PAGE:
“18 of these families had their water contaminated by gas migrating from poorly constructed gas wells. DEP found this repeatedly,” said former DEP Secretary John Hanger, who ran the department during the last two years of the Rendell Administration. “Testing removed the possibility that this was preexisting gas.” Cabot has disputed this conclusion, releasing multiple studies showing methane migration is a common, natural occurrence in the Dimock area.
In 2010, the COA between Cabot and DEP was revised twice. The final agreement, reached in December, is the document dictating the agency’s current stance. In it, Cabot makes it clear the company disagrees with DEP’s findings, “however, Cabot agrees to and shall fullfil all of the terms and obligations of this Consent Order and Agreement Settlement.” The December 2010 document laid out harsh penalties for the driller. It required Cabot to pay the impacted families settlements worth twice their property values, a total Hanger said exceeded $4 million. But the document did not include water testing as a criteria for Cabot to stop providing clean water to the impacted families.
Instead, Cabot had to fulfill the following obligations:
- deposit the settlement money into escrow accounts
- notify the families and DEP that the money was available
- install a “gas mitigation device” (a water filter) at each residence
In October, Cabot informed DEP it had met all these requirements, and asked for permission to stop delivering water to the Dimock families. Acting Deputy Secretary Scott Perry approved the request, and Cabot stopped providing water on December 1. In a letter to the Chambersburg Public Opinion, Secretary Mike Krancer defended the decision. “We were guided by a legal agreement dating to the previous administration,” he wrote. “The agreement…required Cabot to satisfy specific water provision obligations and meet certain requirements….Cabot satisfied those requirements, and the law, in turn, requires DEP to follow its obligations.”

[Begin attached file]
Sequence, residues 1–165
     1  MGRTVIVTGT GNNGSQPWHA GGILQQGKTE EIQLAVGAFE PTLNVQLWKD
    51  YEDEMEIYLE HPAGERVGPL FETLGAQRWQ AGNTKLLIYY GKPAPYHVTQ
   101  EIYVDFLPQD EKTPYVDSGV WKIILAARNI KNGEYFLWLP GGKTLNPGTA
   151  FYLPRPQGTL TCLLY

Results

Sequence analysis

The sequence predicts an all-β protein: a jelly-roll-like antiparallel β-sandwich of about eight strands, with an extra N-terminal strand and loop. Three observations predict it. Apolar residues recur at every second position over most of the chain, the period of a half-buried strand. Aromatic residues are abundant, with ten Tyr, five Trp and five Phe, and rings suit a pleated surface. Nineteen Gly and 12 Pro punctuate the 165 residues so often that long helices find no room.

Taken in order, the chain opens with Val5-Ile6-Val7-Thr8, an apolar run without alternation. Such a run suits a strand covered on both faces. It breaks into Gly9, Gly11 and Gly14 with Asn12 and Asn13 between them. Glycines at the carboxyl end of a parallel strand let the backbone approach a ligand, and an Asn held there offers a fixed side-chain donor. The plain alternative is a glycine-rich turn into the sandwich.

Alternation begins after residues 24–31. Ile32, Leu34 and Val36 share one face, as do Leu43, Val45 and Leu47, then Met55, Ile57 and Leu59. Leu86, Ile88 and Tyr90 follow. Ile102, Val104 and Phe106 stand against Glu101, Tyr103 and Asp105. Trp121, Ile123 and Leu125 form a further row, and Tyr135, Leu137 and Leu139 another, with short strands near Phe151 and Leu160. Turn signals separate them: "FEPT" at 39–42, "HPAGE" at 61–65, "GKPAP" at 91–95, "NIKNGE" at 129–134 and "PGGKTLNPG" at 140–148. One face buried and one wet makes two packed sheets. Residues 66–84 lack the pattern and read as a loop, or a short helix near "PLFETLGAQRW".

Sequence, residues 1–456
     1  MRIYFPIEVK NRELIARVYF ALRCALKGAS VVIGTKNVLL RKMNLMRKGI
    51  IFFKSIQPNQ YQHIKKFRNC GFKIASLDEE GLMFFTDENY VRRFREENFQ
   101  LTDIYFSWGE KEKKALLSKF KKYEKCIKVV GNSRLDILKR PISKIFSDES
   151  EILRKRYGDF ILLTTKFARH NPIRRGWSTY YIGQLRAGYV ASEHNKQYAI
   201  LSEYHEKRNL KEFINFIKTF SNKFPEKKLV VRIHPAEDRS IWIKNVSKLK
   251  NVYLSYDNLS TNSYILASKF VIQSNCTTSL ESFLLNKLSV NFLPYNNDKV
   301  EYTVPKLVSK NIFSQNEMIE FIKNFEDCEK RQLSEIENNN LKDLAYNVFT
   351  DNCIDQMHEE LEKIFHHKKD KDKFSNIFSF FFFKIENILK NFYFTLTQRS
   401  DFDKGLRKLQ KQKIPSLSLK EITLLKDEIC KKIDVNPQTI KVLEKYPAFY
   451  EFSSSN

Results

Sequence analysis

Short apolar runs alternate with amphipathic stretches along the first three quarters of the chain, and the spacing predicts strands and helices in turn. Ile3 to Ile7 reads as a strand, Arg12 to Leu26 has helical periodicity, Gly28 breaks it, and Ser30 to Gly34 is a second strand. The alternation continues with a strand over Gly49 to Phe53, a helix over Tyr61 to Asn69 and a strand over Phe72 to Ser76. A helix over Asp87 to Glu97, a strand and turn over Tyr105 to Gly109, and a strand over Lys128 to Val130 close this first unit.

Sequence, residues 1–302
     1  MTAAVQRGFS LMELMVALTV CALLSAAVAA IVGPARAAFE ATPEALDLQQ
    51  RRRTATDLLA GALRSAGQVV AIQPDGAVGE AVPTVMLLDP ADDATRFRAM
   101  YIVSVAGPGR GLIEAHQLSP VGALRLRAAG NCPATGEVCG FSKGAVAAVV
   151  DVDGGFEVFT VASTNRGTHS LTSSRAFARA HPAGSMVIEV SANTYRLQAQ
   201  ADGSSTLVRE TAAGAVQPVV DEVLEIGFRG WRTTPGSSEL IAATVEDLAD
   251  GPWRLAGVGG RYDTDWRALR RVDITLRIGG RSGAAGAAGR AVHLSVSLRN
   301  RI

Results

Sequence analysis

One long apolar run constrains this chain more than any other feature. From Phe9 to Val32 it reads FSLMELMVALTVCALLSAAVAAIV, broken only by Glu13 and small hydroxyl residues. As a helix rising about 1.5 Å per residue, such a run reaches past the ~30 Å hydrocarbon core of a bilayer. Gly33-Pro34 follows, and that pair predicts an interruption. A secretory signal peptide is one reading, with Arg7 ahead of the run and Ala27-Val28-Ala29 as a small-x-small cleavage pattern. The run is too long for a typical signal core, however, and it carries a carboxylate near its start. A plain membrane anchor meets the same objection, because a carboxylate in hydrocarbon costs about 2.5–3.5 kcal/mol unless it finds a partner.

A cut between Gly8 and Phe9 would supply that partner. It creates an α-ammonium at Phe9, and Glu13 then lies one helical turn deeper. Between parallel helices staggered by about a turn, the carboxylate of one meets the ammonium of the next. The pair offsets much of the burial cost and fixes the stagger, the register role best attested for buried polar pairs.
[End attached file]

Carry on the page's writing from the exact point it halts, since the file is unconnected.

In a statement, Cabot said it “continues to offer to install DEP-approved water treatment systems to affected residents. Residents across the Commonwealth have successfully used filtration systems as the time-tested solution to remove methane from water.” The statement continued,” all of the homeowners who accepted the methane treatment systems in Dimock have seen a 96%-98% reduction in methane concentrations.” But several families have refused Cabot’s offers, saying the filtration systems will not remove harmful chemicals.